Girls, Run the World #LikeABoss
Updated: Apr 5, 2018
Photo: Nietjuh from Pixabay
First, thank you, Beyoncé, for the inspired headline. Second, thank you, Eboni Britt, Dara Royer, Annelise Cassalia, and Master Sgt. Angel Ford for providing motivational and inspirited perspectives at the #PRogressSU panel.
On Monday, Feb. 26, 2018, at 7 p.m. a panel of experienced local women talked about diversity and inclusion in the field of public relations. These four women do not only work in the field; they lead the field. The panelists were Eboni Britt, marketing manager at Kodak; Dara Royer, Senior Vice president and Chief Communications Officer at Syracuse University; Annelise Cassalia, public relations coordinator of Eric Mower and Associates; and Master Sgt. Angel Ford, the communications officer of the Air National Guard. Each of these women come from different sectors of the field, providing broad perspectives on how to PR #LikeABoss.
The S.I. Newhouse School of Public Communications tweeted on @NewhousePR, "THANK YOU to our four amazing panelists and everyone who attended our diversity and inclusion panel tonight! It was a packed house with standing room only, and over 70 live streams. We hope you left feeling INSPIRED! #PRogressSU #LikeABoss."
In case you missed it, though, here are the major takeaways:
"Own you. Own your brand," — Dara Royer
In my other blog posts, I talked about the importance of building your own brand. Well, now it's time to own it. PR professionals and practitioners need to identify their personal brand and then believe in it. This does not only apply to women in the field. Recognizing and owning your brand is the basis of real success, it applies to everyone (unless you don't want to be being successful).
How do you identify your own brand? Think of three words that describe yourself, then wrap your head around them (and by head, I mean content).
I usually take the criticisms I receive seriously, it only helps me get better, right? No, not always. According to Royer, owning your brand enables you to understand what criticisms matter and what don't. But first, you need to figure out who you are and what your brand is. Eventually, you'll learn how to pick out the negative and unnecessary feedback. Stay true to your brand and #ownit.
"It's not what you say, it's what you do ... Don't just talk the talk, you have to walk it too," — Dara Royer.
If you didn't already know, actions do speak louder than words, but this is another way of saying it. Whatever you need to do to break ground, do it even if it means "going above and beyond," just keep it legal. This, in turn, will keep you respected in the industry.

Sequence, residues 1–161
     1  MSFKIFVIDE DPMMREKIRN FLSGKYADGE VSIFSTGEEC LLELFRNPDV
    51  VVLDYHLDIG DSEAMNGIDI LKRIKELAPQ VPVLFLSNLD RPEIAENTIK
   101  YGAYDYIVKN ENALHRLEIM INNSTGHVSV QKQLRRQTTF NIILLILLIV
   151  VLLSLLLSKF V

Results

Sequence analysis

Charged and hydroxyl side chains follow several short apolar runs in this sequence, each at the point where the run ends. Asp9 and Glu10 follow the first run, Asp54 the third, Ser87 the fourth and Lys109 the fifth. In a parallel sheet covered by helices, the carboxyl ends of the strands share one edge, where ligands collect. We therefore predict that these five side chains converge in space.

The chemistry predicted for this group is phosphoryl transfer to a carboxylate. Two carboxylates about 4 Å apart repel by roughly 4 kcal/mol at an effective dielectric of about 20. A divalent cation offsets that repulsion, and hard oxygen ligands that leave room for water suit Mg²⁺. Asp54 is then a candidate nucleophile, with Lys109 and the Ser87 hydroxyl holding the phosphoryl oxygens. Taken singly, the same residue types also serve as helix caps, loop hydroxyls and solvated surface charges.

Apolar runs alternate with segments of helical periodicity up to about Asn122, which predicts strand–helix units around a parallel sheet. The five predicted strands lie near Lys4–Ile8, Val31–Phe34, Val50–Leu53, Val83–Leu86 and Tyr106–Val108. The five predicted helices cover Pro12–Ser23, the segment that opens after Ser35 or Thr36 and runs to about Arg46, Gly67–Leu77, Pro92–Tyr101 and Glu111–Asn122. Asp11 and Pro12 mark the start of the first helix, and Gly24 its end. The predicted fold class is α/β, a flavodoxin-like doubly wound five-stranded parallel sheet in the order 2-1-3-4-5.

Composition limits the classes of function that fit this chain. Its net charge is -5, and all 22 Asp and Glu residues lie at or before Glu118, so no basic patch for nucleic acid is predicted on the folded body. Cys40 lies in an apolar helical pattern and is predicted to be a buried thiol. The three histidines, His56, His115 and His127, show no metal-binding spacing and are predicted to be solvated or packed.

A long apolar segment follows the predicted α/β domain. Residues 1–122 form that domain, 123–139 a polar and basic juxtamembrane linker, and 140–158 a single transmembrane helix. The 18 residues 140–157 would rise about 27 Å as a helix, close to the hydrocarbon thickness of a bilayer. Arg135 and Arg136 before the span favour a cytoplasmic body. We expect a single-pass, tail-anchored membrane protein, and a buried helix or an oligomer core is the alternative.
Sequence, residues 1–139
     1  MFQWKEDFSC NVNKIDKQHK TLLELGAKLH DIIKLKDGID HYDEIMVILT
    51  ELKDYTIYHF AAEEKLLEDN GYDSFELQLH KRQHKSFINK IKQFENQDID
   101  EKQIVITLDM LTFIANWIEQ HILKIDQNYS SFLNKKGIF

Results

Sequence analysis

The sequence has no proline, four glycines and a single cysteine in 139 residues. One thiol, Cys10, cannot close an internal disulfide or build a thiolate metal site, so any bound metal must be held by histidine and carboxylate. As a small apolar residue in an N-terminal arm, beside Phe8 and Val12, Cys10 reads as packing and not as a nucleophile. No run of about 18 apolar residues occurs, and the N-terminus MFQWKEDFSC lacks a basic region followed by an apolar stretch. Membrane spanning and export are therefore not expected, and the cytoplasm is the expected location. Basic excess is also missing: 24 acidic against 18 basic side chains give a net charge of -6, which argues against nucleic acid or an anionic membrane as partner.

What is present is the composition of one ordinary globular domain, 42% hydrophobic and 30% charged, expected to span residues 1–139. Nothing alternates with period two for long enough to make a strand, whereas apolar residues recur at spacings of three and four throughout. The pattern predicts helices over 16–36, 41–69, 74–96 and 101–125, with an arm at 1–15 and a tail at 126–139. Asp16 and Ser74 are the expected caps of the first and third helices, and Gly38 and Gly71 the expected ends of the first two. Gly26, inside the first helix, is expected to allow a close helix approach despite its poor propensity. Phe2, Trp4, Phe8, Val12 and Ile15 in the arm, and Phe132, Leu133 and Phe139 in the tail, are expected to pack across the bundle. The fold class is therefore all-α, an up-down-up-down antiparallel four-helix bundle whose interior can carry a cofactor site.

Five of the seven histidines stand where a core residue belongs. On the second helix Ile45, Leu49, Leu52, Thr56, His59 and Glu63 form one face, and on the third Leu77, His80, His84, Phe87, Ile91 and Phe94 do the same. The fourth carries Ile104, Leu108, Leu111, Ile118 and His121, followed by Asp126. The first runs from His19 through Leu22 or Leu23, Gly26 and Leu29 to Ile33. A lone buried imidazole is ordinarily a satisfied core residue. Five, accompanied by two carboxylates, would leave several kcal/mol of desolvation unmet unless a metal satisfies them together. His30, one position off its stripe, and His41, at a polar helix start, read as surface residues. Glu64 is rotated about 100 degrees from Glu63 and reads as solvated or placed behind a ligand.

A standard issue all panelists focused on is the idea that women tend to count themselves out or take the easy way out. According to a study cited by Royer, although women dominate the public relations industry, the field's C-suite is still dominated by men. Does this sound logical to you? Probably not. I see this threat as an opportunity, it's time you put yourself out there and do whatever it takes to earn your desired position. Don't just talk about it, walk it too, because that is the only way to prove yourself.
Do not set yourself very high standards when doing a job search, you're much stronger and confident. Speak up and be the best version of yourself.
"When I'm negotiating a job, I negotiate like a white man," — Eboni Britt.
Yes, it is 2018, and we still have to #negotiate to get what we want. How can you use that to your advantage? Do it like a white man, precisely as Britt said it. Never settle for less than what you deserve. Seize whatever it is you want, and seize it with strength and confidence. Yes, it may be uncomfortable, but that's the whole point. #Getoutofyourcomfortzone because that's where the magic happens.
You probably don't want to talk about it with your boss, but negotiate your salary too. "Did you know that in 2016, women working full time in the United States typically were paid just 80 percent of what men were paid, a gap of 20 percent?" Well, Britt said to "Leave nothing on the table. Go in high, because you are not going to get where you want if you don't start higher."
"They told me not to wear heels. And you know what I did? I went and found my tallest pair. I don't look like you, and I'm not trying to ... I am not here to fit in, I am here to make changes." — Dara Royer
This quote by Royer is my favorite because it summarizes everything discussed in this blog post. At the end of the day, this is how you own your brand, this is how you walk the walk, this is how you negotiate, and this is how you do it. Enough said.